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Elder Friendly Guide to Walking Shoes

The design for walking shoes is generally the same for men and women, with comfort, durability and stability being the keys.

What to Look For in an Walking Shoes:


I. Lightweight

It’s no secret that extra weight can have an impact on us. That impact can be fatigue or feelings of heaviness or over exertion because you have to compensate for those extra ounces and pounds.

Lightweight shoes can give you a spring in your step, which is just what a lot of us seniors need! Look for walking shoes that weigh less than a pound, which means that you’ll only be carrying an extra pound and change when you’re all laced up.

New Balance Women’s WW759 Walking Shoe


Even with cushioning and compressions this shoe only weighs 10.3 ounces.


II. Shock Absorbing Midsole

Many experts believe that the midsole is the walking shoe’s most important feature because this area affects the foot’s cushioning, comfort and shock absorption. Without proper pad distribution the joints can ache from absorbing the shock of a hard floor themselves. This can be especially painful for arthritis sufferers, or for anyone who has a long walk on a hard surface.

There have been great technological advances made in shock absorbency. Most absorbent midsoles today are made with ethylene vinyl acetate (EVA) and Polyurethane (PU).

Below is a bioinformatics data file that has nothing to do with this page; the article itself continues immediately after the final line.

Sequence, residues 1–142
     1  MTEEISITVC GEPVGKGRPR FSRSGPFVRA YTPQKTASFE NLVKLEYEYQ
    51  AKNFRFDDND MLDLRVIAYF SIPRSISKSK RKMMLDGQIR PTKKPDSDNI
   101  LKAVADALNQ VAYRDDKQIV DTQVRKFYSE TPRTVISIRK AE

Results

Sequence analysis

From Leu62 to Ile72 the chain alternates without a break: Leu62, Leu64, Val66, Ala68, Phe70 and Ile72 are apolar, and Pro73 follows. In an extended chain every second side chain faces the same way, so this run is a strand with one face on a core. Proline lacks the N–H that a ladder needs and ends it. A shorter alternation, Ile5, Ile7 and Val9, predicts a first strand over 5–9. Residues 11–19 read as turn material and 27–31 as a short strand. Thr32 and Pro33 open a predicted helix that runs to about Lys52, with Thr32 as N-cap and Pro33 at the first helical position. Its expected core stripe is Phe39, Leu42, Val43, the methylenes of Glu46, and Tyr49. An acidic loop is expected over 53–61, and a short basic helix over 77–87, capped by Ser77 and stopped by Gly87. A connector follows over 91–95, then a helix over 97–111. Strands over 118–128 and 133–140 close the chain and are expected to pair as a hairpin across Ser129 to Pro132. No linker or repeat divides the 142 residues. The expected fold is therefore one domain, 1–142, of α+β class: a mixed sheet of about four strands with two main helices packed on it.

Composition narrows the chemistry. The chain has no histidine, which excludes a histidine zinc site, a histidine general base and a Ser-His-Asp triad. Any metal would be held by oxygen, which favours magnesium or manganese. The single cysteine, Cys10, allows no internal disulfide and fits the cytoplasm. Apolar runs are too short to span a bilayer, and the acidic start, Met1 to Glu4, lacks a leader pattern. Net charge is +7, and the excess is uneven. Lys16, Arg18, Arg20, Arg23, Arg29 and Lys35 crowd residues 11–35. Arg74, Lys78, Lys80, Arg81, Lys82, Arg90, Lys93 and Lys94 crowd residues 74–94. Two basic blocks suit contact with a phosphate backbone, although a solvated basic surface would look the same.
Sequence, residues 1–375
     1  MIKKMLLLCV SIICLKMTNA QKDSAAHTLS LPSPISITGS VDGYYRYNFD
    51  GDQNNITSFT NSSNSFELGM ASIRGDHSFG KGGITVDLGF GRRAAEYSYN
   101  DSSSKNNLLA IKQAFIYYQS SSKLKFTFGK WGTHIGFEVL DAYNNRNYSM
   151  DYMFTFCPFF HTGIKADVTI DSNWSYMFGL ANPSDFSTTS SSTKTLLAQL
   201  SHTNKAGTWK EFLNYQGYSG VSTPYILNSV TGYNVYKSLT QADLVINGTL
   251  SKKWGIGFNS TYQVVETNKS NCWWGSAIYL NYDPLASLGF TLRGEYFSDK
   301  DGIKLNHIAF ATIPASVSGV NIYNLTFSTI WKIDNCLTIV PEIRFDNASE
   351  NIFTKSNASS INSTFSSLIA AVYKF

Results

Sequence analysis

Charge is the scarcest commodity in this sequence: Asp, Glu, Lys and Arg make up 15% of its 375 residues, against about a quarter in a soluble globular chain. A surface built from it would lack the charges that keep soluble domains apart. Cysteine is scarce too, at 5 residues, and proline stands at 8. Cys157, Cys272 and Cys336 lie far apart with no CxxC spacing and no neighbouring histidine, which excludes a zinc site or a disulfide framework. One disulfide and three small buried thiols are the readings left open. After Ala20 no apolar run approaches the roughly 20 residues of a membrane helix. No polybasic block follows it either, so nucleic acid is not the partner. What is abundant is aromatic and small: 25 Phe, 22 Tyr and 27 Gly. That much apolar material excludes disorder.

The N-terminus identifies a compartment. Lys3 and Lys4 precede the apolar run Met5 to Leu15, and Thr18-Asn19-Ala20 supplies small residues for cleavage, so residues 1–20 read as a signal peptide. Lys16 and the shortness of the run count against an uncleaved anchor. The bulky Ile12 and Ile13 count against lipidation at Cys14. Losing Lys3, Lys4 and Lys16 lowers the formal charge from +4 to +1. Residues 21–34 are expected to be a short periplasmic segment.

Springboost Women’s B-Walk Walking Shoe


These midsoles are made of 100% EVA and PU beans, which, according to Springboost’s manufacturers, allow the wearer to go farther with less energy.


III. Easy-Grip Padded Tongue

Shoes can be as comfortable as pillows, but they do us no good if we can’t achieve that comfort because we can’t pull the tongue up to relieve pressure. An easy-grip tongue is key to any shoe’s comfort, so be sure that you can easily grip and tug on the tongue while you’re still in the shoe store. If you can’t – no matter how much you like the style or price of the shoe – you must move on.

The best tongues are larger because they have lots of padding. This makes them easier to see and grip.

Propet Women’s Tidewater Walker Walking Shoes

When many people think of padded tongues they think of the large high-top sneakers that were popular in the ‘80s. This is not so today. There are plenty of shoes, like these Propets, that have a discreet but large padded tongue. Anyone with eyesight problems, limited strength or poor hand-eye coordination will appreciate all the new, stylish models with easy-to-grip tongues.


IV. Lateral Beveled Heel

Beveled, or angled, heels support the natural walking gait, which is a rolling motion that begins at the heels and extends until the toes softly touch down. Shoes without a beveled heel can cause toes to abruptly hit the floor. This can result in shin, ankle or muscle soreness. Not exactly the best motivations for walking, right?